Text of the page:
• Compute the Fourier transform of both sides to obtain
• Which says the mean of a RP is its DC value. Also, phase is
irrelevant for power. Only the magnitude affects the power
spectrum, i.e., power dependent on amplitude, not phase
Example 5
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If a RP passes through a differentiator
H(f)=j2f
Then, mY=mX H(0) = 0
Also, SY(f) = 42 f2 SX(f)
Cross correlation in frequency domain
• Let us define the cross spectral density SXY(f)
• Since RYX() = RXY(-), we have
• Although SX(f) and SY(f) are real nonnegative
functions, SXY(f) and SYX(f) can generally be
complex functions
Example 6
• Randomly choose a phase  ~ U[0,2]
• Generate a sinusoid with fixed amplitude (A)
and fixed freq (f0) but a random phase 
• The RP is X(t)= A cos(2f0t + )
• The X(t) goes thru a differentiator H(f)=j2f
Example 7
• X(t)=X
• Random variable X~U[-1,1]
• If this goes through differentiation, then
SY(f) = 42 f2 ((f)/3) = 0
SXY(f) = -j2f ((f)/3) = 0
Power spectral density of a sum
process
• Z(t) = X(t)+Y(t)
• X(t) and Y(t) are jointly stationary RPs
• Z(t) is a stationary process with
RZ() = RX() + RY() + RXY() + RYX()
• Taking the Fourier transform from both sides:
SZ(f) = SX(F) + SY(f) + 2 Re[SXY(f)]
• The power spectral density of the sum process is the sum
of the power spectral of the individual processes plus a
term, that depends on the cross correlation
• If X(t) and Y(t) are uncorrelated, then RXY()=mXmY
• If at least one of the processes is zero mean, RXY()=0, and
we get: SZ(f) = SX(F) + SY(f)
Example 8
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X(t)=X
Random variable X~U[-1,1]
Z(t) = X(t) + d/dt X(t), then
SXY(f) = jA2f0 /2 [(f+f0) - (f-f0)]
Thus,
Re[SXY(f)] = 0
SZ(f)= SX(f)+SY(f) = A2(1/4+2f02)[(f+f0)+(f-f0)]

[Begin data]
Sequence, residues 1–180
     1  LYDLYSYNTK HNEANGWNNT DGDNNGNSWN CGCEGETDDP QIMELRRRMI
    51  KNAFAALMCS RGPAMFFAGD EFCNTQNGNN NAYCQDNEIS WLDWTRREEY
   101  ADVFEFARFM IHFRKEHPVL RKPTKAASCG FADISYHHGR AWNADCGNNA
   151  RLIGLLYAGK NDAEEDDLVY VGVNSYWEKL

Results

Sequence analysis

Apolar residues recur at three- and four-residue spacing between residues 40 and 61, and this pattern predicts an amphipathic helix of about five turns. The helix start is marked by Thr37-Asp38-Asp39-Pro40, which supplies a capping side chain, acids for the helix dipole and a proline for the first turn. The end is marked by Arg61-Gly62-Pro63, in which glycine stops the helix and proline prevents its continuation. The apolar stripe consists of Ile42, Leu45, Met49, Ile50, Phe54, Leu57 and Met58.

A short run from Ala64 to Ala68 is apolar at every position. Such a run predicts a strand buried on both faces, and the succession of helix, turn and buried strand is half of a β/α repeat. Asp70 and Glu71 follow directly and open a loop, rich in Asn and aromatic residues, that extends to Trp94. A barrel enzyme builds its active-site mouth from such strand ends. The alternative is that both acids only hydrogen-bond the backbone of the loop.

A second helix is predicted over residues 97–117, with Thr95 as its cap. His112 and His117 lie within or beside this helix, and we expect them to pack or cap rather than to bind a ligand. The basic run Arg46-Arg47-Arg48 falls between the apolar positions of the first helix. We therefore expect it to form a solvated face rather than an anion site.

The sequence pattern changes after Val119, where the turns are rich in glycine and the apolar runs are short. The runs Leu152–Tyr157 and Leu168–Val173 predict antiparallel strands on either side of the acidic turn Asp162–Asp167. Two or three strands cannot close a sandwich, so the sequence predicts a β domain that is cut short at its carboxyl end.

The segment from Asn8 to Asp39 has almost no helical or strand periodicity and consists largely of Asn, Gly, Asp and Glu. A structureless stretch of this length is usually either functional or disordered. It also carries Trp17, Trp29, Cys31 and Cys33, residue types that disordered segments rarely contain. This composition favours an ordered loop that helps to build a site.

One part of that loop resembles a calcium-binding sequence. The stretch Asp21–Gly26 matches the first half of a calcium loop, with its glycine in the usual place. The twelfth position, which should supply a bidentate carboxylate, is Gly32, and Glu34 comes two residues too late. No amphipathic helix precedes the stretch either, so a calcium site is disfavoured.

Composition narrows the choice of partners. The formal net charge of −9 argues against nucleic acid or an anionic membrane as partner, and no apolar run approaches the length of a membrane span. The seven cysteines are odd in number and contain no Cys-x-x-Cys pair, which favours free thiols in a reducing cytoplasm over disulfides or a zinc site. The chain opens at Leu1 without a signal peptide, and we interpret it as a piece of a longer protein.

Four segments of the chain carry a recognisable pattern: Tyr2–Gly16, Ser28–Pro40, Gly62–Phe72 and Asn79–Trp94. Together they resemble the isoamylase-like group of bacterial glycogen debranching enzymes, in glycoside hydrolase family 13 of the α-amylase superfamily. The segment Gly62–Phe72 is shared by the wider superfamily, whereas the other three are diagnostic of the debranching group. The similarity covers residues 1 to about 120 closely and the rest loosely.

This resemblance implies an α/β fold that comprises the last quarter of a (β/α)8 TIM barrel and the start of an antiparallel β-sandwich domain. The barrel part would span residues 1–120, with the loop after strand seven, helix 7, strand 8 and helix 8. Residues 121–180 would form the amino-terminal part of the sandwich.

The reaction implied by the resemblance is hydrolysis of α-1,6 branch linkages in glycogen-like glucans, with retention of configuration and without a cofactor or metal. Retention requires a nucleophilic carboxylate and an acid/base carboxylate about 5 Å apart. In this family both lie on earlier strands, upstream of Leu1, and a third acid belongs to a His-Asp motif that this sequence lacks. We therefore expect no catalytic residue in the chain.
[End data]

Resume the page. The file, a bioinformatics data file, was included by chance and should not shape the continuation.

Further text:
Gaussian processes
• Widely used in communication
• Because thermal noise in electronics is produced
by the random movement of electrons closely
modeled by a Gaussian RP
• In a Gaussian RP, if we look at different instances
of time, the resulting RVs will be jointly Gaussian:
Definition 1: A random process X(t) is a Gaussian process if
for all n and all (t1,t2,…,tn), the RVs {X(ti)}, i=1,…,n have a
jointly Gaussian density function.
Gaussian processes (Cont’d)
Definition 2: The random processes X(t) and Y(t) are jointly
Gaussian if for all n and all (t1,t2,…,tn), and (1,2,…,m)the
random vector {X(ti)}, i=1,…,n, {Y(j}, j=1,…,m have an n+m
dimensional jointly Gaussian density function.
• It is obvious that if X(t) and Y(t) are jointly
Gaussian, then each of them is individually
Gaussian
• The reverse is not always true
• The Gaussian processes have important and
unique properties
Important properties of Gaussian
processes
• Property 1: If the Gaussian process X(t) is
passed through an LTI system, then the output
process Y(t) will also be a Gaussian process.
Y(t) and X(t) will be jointly Gaussian processes
• Property 2: For jointly Gaussian processes,
uncorrelatedness and independence are
equivalent